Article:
Most of these games require the player to master an increasingly difficult series of challenges.  They have to move with speed and agility and they have to be very clever.  Each level of mastery is more and more difficult and you cannot move on until you have completely mastered the lesser level.  There is no need for grades, scores, or teachers. Success is achieving your goals and your teachers are your peers and your own initiative.

This, to me, defines the way learning will move.  The learner is in the center of the action and is completely responsible for the outcomes, not a teacher or counselor. There are many branches that can be explored, and many of these games have multiple possible endings.  These also combine a challenge with fun.

 Many games can be played against another player as well.  The network and collaboration capabilities of games are just starting to be explored, but they will push the envelope and make location unimportant.  Players on different continents can play simultaneously, work together or in competition, and the video/action nature of these games make language irrelevant. 

Firms such as Microsoft have invested in gaming and learning. Microsoft’s Games for Learning Institute is researching and developing games for math and sciences learning. NYU is offering a master’s degree in Games for Learning. A Silicon Valley startup, Bunchball, uses gaming principles to develop learning at work.  The number of commercial and academic players is growing exponentially.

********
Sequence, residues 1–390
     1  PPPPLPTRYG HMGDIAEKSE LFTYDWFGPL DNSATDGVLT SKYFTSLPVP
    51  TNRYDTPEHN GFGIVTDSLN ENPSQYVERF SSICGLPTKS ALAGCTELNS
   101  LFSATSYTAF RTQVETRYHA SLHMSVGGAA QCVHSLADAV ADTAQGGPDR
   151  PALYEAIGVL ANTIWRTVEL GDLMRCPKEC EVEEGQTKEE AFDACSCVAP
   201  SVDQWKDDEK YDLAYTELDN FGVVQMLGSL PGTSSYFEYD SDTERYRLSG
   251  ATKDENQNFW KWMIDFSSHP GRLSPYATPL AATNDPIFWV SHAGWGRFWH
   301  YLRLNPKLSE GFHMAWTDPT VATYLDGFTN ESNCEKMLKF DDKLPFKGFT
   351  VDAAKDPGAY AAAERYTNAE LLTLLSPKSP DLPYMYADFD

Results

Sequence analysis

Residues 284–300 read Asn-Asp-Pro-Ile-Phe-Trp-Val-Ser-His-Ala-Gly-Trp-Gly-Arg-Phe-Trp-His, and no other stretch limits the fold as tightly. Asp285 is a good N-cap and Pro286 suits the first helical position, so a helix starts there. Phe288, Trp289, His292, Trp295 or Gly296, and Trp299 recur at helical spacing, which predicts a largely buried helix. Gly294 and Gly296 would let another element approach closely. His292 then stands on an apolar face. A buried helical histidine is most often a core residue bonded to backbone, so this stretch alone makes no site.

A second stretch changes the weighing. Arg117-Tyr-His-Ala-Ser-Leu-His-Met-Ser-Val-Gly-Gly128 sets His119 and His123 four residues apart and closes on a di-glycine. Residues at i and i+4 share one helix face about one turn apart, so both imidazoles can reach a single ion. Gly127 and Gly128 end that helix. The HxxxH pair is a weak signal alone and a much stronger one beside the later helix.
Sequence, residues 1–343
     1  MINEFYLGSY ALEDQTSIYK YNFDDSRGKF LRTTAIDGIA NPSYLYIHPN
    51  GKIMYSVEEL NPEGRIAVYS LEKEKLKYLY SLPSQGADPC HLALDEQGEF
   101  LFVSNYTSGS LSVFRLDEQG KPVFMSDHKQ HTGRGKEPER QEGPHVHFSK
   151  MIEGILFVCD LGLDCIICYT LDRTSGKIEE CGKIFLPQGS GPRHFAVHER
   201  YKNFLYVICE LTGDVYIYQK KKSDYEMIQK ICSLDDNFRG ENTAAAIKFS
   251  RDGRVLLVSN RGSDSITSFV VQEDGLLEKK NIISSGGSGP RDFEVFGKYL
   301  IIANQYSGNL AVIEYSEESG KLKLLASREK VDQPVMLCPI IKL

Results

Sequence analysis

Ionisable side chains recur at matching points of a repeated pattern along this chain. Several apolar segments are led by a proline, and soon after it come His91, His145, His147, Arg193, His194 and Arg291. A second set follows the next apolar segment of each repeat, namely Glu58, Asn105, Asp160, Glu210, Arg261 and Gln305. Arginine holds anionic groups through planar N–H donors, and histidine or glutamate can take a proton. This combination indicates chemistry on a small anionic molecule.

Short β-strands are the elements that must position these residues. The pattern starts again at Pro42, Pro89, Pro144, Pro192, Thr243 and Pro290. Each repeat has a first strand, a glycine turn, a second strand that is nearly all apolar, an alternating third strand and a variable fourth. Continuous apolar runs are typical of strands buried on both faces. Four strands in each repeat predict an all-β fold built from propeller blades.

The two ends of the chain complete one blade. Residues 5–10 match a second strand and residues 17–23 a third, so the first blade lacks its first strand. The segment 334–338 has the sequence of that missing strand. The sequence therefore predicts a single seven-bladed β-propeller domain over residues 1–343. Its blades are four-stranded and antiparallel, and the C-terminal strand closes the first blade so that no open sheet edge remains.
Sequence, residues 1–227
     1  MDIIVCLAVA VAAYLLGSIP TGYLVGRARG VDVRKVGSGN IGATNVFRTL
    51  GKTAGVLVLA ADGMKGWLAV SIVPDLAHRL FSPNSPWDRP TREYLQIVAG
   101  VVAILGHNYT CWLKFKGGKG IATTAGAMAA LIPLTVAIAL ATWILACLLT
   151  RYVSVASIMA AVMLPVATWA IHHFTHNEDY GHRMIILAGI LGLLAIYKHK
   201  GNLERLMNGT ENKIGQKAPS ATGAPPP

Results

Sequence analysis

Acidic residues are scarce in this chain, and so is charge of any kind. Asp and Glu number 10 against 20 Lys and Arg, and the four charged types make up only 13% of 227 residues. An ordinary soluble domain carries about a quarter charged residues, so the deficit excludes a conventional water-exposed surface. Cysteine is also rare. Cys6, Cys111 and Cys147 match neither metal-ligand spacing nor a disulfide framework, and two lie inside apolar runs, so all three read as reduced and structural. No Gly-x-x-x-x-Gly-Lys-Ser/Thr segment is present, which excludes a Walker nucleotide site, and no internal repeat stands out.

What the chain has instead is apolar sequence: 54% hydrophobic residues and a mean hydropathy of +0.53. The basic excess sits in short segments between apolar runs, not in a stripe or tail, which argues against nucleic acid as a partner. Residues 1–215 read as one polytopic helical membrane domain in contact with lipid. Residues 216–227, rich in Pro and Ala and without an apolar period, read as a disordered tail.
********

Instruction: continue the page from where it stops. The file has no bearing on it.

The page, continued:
Most of these games are not based on the written word and do not require reading.  Information is audio or visual – encoded into videos and music.   Learning is by immersion, doing, listening and watching.  This is almost 180 degrees different from how I learned, which was primarily through reading textbooks and articles and absorbing oral lectures – often unaccompanied with any visual material – and writing term papers and theses.

Paper books will become a minor partner in learning – may even disappear entirely from schools – as learning moves to tablets, phones and Internet-based devices.

 We need to understand and accept more than we do now that the idea of book-based learning, lectures, stand-up teaching, grades, honor rolls, and all the other paraphernalia of the 20th century is fading away faster than we image.